Water on Tap
It seems that every person you look at in today’s world has a bottle of water with them. Many people drink bottled water because they believe it is safer than their tap water. Unfortunately, many consumers are not educated about the regulations surrounding the water going into the bottles. In many cases your home’s tap water is actually safer for consumption.
The Food and Drug Administration (FDA) regulates bottled water as a packaged food and has established standards for good manufacturing practices of processing and bottling drinking water. Bottled water manufacturers are not required to disclose the location of the source where the water in the bottle was obtained from. According to the FDA, “Bottled water is described as water thats intended for human consumption and sealed in bottles or other containers with no added ingredients, except that it may contain a safe and suitable antimicrobial agent.” The FDA classifies some bottled water by the origins of Artesian wells, Mineral water, Spring water, and Well water. In fact, some bottled water comes from municipal sources which is the same source as tap water. Before it is bottled, municipal water is usually treated and can be labeled as “purified water” if it has gone through the process of distillation, reverse osmosis, absolute one micron filtration, or ozonation. The FDA is finessing the entire country of America to believe that bottled water is better than tap water. Until today, I was not aware that bottled water is a billion dollar industry that the United States economy could probably not afford to lose. So they are deceiving all of us to make us think that tap water is not good for us when in actuality it is held to higher purification standards than bottled water. The only difference is that you do not have to pay for the water coming out of your home faucet unless you have an annual water bill.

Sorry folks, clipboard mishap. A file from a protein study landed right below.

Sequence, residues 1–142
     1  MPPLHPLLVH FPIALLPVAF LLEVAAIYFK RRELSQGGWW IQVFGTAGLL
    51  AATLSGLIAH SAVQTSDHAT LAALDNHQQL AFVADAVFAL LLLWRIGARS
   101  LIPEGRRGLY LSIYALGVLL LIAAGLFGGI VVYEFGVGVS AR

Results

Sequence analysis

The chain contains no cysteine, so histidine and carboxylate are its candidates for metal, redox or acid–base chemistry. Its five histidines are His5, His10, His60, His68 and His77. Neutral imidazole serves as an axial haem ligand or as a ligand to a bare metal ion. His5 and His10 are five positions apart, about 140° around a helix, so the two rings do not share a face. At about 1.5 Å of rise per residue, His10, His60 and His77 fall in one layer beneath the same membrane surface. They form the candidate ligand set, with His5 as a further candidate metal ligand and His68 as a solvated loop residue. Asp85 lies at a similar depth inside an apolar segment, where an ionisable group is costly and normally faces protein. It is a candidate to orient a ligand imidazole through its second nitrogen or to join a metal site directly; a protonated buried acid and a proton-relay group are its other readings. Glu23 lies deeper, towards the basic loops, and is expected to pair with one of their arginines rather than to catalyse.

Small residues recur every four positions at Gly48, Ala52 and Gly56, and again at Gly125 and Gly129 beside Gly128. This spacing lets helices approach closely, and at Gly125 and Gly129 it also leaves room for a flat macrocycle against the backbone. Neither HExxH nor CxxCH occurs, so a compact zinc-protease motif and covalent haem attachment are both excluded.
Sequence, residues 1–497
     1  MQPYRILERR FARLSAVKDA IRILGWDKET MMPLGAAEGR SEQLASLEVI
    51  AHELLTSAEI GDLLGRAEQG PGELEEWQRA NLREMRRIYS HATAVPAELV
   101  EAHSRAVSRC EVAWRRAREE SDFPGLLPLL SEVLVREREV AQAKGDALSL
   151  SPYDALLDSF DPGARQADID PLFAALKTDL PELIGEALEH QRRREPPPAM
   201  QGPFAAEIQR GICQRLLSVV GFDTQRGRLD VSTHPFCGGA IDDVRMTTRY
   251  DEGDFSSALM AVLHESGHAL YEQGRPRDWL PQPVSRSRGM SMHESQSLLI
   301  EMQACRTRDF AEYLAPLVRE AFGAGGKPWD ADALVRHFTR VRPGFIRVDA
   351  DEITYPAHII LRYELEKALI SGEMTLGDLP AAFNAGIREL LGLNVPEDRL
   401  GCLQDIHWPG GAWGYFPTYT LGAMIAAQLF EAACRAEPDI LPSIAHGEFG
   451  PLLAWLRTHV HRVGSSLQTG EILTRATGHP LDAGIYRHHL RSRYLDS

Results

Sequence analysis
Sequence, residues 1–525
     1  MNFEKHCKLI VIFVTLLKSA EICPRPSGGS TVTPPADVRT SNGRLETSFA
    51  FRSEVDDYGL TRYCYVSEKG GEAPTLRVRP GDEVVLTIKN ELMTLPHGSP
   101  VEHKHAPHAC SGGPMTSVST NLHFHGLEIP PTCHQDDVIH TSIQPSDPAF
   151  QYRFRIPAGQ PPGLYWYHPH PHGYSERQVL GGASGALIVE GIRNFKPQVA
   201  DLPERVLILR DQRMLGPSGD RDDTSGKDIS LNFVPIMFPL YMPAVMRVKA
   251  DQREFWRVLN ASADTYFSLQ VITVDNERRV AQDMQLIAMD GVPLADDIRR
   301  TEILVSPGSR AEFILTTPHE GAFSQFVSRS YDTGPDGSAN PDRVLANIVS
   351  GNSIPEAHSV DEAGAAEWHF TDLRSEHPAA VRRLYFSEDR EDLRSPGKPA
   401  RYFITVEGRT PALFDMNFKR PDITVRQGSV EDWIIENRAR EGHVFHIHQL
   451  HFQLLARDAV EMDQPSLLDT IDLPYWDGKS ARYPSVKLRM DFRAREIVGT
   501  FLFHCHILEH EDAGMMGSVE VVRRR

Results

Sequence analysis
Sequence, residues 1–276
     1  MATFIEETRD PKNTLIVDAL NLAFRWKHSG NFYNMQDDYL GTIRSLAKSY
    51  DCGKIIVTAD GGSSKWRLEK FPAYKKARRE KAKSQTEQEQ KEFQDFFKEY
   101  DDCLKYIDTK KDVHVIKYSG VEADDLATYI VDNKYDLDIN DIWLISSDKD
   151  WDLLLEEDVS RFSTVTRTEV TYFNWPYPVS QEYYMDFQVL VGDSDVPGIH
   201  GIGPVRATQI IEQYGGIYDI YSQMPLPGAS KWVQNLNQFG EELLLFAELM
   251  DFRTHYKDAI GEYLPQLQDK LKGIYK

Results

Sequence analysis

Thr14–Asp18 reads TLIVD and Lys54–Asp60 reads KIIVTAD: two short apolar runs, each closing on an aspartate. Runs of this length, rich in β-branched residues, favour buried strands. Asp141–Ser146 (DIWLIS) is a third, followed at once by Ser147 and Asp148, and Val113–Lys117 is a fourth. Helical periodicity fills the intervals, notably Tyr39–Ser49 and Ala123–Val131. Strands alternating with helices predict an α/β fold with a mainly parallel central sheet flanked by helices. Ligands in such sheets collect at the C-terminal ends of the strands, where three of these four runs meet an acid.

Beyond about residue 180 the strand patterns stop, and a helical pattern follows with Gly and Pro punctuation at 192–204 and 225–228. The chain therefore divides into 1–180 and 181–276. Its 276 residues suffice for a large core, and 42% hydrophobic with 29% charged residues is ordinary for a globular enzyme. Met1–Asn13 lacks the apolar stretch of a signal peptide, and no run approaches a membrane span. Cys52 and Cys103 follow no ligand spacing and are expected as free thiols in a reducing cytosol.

The Environmental Protection Agency (EPA) sets drinking water standards for tap water provided by public water suppliers. The EPA requires water testing by certified laboratories and all violations must be reported within a designated time frame. Municipal water systems must also provide reports to the consumers including the source of the water and evidence of any contaminates. This was originally established by the Safe Drinking Water Act of 1974. Since then there has been multiple amendments to the Safe Drinking Water Act. The EPA determines safe levels of contaminates in our drinking water and based on these safe level decisions, the FDA can either adopt these standards or ignore them.
(I know this is no where near 1,000 words)